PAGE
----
Aren’t Country Clubs just for members?
Wickwood’s Country Club and Glass House Restaurant (rosette awarded) is tucked away down a tree-lined road between Hove and Henfield. It’s an unassuming building from the outside and easy to drive past without really noticing. I’ve never ventured inside a Country Club before, so was unsure of what to expect.
To me, the phrase conjures up images of perfectly coiffed, slightly aloof clientele, milling around in Wimbledon whites, sipping Chablis! (Too many episodes of Desperate Housewives, methinks!)
I’m happy to say that Wickwood’s didn’t fit my stereotype.
The staff were friendly and welcoming; the atmosphere unpretentious and relaxed. Whilst there are areas exclusively accessible to members, the Glass House Restaurant is open to all. And it was here that hubby and I were dining.
What a beautiful setting
The aptly named Glass House Restaurant is light and airy, thanks to its peaked glass roof and bi-fold doors that run the length of the restaurant. As it was a warm summer’s evening we chose a table on the outdoor terrace, overlooking beautifully manicured gardens. The thwack of ball against racket could be heard from the tennis courts that were partially obscured by tall trees, and there was a happy hum of conversation from our fellow diners.
Let’s talk food
The menu, which changes seasonally, is bistro-esque with something for everyone. If you’re looking for a light, healthy meal there are salads which can be pimped with added extras. Classic mains include fish & chips, sausage & mash, steaks and burgers. For those hungry for something slightly different there’s seafood masala, a falafel & spinach burger or lamb rump with a delicious sounding pistachio & mint crumb. I chose to start with duck egg, asparagus and chorizo dressing.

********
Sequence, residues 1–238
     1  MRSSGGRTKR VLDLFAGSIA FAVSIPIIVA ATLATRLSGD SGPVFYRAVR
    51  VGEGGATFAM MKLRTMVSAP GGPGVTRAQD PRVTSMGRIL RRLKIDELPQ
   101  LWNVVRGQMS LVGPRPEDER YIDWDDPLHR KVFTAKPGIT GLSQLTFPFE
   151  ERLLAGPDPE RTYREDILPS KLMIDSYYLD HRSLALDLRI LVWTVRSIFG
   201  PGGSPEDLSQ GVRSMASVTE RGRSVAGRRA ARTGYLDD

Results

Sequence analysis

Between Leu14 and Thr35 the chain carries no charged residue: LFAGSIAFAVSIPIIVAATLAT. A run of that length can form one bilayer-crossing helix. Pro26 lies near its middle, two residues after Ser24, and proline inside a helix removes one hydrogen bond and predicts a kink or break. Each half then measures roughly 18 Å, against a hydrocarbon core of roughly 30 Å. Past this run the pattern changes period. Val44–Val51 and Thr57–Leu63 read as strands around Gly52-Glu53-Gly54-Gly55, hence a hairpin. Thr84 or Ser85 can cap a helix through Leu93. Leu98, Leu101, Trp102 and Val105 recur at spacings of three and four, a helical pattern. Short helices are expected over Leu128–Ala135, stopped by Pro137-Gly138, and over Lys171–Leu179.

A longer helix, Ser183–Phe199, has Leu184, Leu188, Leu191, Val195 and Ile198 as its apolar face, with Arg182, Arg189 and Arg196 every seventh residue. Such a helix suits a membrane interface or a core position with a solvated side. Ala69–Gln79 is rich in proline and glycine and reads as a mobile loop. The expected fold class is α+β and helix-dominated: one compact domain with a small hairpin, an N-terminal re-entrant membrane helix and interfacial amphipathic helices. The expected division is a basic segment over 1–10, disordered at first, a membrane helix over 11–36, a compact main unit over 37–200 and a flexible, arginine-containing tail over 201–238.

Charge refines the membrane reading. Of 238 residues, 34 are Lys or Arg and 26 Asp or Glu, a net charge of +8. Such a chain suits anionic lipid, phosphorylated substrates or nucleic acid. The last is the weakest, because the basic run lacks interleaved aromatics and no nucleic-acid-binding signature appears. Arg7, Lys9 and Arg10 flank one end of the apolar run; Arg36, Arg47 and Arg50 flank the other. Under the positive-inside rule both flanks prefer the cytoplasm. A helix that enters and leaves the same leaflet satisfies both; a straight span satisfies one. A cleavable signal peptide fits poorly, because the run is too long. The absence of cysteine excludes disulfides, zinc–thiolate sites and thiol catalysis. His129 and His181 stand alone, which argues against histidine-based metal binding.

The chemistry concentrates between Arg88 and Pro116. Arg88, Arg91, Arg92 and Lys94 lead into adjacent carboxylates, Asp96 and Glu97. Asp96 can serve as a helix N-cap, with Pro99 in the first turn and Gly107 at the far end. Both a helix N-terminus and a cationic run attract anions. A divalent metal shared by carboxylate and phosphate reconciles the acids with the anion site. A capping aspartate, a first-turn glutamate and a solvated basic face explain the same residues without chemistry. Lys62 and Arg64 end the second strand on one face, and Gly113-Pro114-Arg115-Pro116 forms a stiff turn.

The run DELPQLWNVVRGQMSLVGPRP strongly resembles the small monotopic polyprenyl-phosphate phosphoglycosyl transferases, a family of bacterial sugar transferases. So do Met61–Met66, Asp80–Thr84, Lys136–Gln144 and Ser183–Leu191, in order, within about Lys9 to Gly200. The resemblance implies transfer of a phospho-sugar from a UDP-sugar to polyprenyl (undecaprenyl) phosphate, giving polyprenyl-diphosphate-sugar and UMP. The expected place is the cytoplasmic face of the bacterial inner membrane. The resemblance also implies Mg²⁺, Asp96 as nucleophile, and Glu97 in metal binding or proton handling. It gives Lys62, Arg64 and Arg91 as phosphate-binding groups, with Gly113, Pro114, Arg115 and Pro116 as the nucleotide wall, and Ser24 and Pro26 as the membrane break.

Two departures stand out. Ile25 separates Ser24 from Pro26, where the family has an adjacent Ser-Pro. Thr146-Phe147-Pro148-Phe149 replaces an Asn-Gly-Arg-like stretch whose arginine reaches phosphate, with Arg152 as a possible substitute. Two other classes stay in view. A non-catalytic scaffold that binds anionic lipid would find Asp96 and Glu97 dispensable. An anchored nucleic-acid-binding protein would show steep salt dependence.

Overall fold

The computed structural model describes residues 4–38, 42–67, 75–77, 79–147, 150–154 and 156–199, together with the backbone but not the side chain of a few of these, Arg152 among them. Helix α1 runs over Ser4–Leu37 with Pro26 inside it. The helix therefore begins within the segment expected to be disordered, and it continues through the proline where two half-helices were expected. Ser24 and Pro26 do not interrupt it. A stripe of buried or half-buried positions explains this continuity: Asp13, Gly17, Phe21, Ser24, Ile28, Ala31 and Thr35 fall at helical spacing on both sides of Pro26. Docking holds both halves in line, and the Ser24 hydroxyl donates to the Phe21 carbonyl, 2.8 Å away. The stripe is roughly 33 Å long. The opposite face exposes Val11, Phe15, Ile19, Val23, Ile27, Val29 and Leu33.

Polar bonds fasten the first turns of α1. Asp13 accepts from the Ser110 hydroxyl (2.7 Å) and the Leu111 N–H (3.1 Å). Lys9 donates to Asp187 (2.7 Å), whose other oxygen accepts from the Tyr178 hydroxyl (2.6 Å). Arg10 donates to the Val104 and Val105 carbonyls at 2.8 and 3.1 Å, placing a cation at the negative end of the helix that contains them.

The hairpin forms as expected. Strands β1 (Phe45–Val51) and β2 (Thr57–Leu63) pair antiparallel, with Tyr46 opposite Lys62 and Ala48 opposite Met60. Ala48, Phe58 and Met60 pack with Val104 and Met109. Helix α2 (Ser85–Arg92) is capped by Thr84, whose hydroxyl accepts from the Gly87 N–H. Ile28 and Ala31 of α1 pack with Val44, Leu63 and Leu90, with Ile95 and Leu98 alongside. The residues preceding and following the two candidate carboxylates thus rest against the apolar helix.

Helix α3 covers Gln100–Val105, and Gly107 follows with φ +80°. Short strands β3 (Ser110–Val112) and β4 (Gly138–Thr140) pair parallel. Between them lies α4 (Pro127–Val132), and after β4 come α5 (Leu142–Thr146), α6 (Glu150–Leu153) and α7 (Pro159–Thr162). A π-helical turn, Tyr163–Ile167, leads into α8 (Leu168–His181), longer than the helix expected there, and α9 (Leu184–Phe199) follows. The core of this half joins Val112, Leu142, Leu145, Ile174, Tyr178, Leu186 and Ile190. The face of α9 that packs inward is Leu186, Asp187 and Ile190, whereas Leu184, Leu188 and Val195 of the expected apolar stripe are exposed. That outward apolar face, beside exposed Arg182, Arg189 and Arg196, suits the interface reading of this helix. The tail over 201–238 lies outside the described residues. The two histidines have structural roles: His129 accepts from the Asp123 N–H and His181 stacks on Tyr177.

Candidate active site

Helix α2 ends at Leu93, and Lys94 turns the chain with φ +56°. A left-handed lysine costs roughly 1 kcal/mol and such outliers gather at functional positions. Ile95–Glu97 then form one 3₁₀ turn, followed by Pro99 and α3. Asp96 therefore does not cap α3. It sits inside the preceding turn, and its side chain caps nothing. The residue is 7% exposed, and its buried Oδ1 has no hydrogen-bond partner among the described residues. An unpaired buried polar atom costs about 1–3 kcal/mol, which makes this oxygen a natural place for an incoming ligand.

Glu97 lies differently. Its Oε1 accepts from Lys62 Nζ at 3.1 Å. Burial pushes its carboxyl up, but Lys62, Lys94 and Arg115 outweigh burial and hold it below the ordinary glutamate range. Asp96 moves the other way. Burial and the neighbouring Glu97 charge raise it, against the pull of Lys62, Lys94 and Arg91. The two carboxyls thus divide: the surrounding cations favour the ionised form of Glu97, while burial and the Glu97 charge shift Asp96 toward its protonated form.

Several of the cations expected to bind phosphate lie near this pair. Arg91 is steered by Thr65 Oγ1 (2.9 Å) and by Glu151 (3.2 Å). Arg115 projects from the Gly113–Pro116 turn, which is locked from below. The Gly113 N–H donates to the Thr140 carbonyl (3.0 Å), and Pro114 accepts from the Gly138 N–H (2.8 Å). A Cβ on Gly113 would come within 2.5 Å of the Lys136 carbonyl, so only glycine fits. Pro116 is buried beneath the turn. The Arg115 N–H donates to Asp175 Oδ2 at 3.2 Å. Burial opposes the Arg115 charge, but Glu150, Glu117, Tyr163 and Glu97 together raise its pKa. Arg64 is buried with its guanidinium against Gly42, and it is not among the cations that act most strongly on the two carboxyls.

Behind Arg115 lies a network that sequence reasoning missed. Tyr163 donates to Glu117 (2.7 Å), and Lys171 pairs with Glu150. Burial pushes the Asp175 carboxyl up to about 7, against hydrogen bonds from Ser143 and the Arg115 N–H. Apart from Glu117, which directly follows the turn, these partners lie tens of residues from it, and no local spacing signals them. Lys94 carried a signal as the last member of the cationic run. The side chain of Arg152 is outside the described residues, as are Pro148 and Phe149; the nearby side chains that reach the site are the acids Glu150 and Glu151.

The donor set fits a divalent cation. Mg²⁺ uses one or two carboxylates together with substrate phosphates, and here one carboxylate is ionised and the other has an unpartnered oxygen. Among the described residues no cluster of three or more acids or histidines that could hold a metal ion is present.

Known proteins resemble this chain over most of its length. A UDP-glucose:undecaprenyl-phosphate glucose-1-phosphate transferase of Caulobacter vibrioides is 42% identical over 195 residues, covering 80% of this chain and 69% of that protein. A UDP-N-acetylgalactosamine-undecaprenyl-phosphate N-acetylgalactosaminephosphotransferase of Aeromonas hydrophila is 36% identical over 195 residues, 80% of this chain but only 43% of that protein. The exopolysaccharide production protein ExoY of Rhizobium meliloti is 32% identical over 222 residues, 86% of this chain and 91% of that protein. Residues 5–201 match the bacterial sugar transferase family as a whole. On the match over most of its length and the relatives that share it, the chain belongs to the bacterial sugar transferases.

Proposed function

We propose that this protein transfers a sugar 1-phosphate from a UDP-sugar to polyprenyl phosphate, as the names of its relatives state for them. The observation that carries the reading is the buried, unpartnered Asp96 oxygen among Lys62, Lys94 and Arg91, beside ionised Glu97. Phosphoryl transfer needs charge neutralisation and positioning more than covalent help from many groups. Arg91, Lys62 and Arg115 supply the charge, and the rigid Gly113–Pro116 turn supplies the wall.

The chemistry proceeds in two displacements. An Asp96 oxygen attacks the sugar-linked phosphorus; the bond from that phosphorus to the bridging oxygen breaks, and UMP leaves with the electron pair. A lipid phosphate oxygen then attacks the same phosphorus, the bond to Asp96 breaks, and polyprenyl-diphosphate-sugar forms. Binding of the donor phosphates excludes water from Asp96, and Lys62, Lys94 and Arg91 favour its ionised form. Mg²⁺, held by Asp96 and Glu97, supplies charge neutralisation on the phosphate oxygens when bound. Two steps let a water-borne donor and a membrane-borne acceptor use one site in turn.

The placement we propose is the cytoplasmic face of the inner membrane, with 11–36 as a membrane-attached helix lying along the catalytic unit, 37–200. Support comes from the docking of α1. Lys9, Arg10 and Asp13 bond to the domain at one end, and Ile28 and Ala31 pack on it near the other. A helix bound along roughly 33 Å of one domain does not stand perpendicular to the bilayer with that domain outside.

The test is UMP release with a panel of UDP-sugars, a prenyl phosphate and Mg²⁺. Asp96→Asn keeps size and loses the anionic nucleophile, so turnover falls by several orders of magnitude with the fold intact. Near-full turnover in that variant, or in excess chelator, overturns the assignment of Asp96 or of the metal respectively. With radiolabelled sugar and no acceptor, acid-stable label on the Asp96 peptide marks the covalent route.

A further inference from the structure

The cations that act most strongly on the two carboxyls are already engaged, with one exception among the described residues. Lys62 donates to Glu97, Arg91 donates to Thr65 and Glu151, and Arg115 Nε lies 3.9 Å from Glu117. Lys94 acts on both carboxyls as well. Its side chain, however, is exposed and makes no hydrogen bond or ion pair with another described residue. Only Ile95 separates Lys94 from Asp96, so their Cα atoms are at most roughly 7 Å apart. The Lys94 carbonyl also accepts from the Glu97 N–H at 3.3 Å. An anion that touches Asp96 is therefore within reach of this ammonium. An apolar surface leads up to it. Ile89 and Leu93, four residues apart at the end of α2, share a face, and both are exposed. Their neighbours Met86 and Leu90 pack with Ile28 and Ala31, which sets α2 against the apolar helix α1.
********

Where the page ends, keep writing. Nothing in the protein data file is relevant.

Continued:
The egg was perfectly runny, the asparagus al dente, and bite sized chorizo cubes added a spicy, fatty naughtiness.
I was hugely envious of hubby’s Oriental cured salmon: a sizeable chunk of sashimi grade fish skilfully flavoured, rather than over-powered, by soy and ginger. Both dishes were beautifully presented. An impressive start.
The main event
The main courses were equally attractive. My sage and onion arancini were served with grilled asparagus and roasted red peppers, dotted with a vibrant orange carrot puree. The colours of a Mediterranean summer! I am in awe of any chef who can rustle up a decent arancini ball – getting the right balance of textures – and these would have been given the thumbs up from a native Sicilian. Perfectly crisp, crumbed spheres filled with a subtly sage flavoured sticky rice.
Hubby’s expertly cooked, slightly pink, duck breast was accompanied with 50-pence-piece sized medallions of fondant potato, tenderstem broccoli and segments of cinnamon infused, poached pear, which made a refreshing change to the classic duck and orange combo.
In praise of puds
I hadn’t planned to indulge in a dessert but our super-attentive waiter raved about the puddings. He explained that he had the enviable task of sampling all the dishes on the recently launched summer menu, and the desserts should not be missed. Hubby has FOMO tendencies, so we couldn’t leave without following up on the waiter’s claims!
Our dark chocolate fondant didn’t disappoint.
Thick, dark, gooey chocolate oozed from the cakey exterior and mingled with the creaminess of the honeycomb ice-cream and sharpness of fresh raspberries. Our waiter was right to praise the puds!
Take your best friend, your mum, your partner, someone you want to impress. Brightonians, don’t be discouraged by the out-of-town location. The Glass House is well worth the drive, or taxi journey. Wickwood’s Country Club has six guest rooms, so why not stay over?
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